Volume IV of the Literary Magazine was a little tardy this year, but it’s more beautiful than ever! Trivium: Journeys is now available in print and digital formats for your enjoyment. If you find yourself at the school, drop by the front office or the library for your very own copy of the Lit Mag. If you just can’t wait to get your hands on a print copy, check out our digital Lit Mag by clicking HERE!
In Latin, “trivium” is defined as a crossroads or an intersection. This year’s literary magazine, written, compiled, and published by Indian Creek Upper School students, is an intersection of poetry, fiction, essays, and art.
Keira Henderson’s (’11) “Something’s Missing”, a short personal account, is the first piece and sets a somber tone for the magazine. Hers is the story of a little girl suffering from feelings of abandonment wrought by a neglectful father. Keira’s story is accompanied by an image of a clay sculpture, Snakebear in Blue, by Sarah Zuech (’14), who created a hard blue face that compliments the tone of Keira’s story well.
Sam Ruff’s (’13) “Ripples” is a free verse poem that begs for a change in a world of violence. Maria McGurrin’s (’11) clay Angel, soft yellow and white against a black background, accompanies Sam’s poem.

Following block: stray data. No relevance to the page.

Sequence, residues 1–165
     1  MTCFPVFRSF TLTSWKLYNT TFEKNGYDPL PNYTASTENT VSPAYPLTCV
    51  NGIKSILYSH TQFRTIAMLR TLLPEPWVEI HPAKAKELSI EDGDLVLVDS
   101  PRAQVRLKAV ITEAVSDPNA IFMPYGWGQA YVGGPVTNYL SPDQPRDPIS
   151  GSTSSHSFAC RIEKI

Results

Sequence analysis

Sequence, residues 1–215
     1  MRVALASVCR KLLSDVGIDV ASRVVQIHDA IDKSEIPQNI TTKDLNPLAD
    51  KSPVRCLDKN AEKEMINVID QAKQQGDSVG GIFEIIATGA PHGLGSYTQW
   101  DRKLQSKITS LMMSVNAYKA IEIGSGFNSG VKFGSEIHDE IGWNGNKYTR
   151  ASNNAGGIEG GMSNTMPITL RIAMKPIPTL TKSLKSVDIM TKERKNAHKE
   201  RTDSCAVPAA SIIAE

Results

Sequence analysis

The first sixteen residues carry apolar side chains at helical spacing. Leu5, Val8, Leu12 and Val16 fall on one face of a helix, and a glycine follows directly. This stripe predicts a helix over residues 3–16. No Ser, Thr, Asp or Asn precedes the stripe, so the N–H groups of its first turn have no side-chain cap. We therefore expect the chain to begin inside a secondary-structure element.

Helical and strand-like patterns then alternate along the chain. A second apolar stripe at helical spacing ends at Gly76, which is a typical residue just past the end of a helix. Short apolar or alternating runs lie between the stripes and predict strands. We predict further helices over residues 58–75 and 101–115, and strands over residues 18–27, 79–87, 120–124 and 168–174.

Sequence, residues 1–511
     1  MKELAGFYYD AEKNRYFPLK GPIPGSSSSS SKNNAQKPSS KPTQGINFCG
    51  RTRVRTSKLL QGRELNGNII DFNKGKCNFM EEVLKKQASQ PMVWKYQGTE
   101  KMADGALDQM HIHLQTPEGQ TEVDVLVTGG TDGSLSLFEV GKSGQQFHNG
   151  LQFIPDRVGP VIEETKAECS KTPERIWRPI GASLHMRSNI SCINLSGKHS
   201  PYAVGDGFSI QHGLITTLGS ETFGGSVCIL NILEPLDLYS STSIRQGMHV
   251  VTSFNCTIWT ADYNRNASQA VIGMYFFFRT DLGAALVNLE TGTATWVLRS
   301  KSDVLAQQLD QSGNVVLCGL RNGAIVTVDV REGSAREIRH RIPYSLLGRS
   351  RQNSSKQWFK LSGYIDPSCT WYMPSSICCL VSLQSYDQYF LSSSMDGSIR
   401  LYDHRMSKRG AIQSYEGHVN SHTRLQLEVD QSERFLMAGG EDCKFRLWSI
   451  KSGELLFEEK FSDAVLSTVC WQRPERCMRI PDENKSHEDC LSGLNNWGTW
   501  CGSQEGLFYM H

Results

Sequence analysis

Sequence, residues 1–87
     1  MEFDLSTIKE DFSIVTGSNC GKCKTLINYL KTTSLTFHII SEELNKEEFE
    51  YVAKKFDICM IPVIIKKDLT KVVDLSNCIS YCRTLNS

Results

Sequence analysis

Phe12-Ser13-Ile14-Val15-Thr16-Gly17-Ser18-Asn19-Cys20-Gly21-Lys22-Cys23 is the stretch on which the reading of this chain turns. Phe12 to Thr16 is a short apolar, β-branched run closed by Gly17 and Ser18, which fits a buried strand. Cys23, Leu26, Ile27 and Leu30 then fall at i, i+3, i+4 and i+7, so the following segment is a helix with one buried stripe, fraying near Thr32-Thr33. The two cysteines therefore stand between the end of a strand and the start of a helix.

Liza Slutskaya’s (’12) poem, “Sam’s Smell,” brightens the mood of the magazine with its up-beat rhythm and whimsical topic about a boy who smells so bad that he repels his own blankets. Images of two paintings and one mixed media work, also by Liza, follow “Sam’s Smell.”
Linnea Miller (’12) demonstrates her talent for description in “Climbs and Falls,” her short story about an arduous trek up a mountainous sand dune and the reward that awaited her at the end of her journey.
Trevor Jameson (’11) channels Dr. Seuss in his poem “Slumped,” a call to action which seems to directed specifically at graduating high school students who need a little pick-me-up.
Katy Gilles (’11) addresses a 21st century fear in her essay “Why the Artificial-Intelligence Driven Apocalypse is Definitely Going to Happen.” Her view of robotic technology and its eventual outcomes is full of wit and sarcasm incorporates plenty of pop-culture references.
These are just a small sampling of the wonderful works that you will find in Trivium, available in the David G. Richardson Library and scattered throughout Indian Creek Upper School. Pick up your copy today!
Trivium was edited by Linnea Miller (’12), Caroline Grindrod (’13), Nikole Rocha (’12), Daniel Schelb (’11), and Ryn Seidewitz (’13). Mr. Chip Voros acted as Faculty Advisor.
Originally posted on Feb. 8, 2012 on http://www.indiancreekschool.org.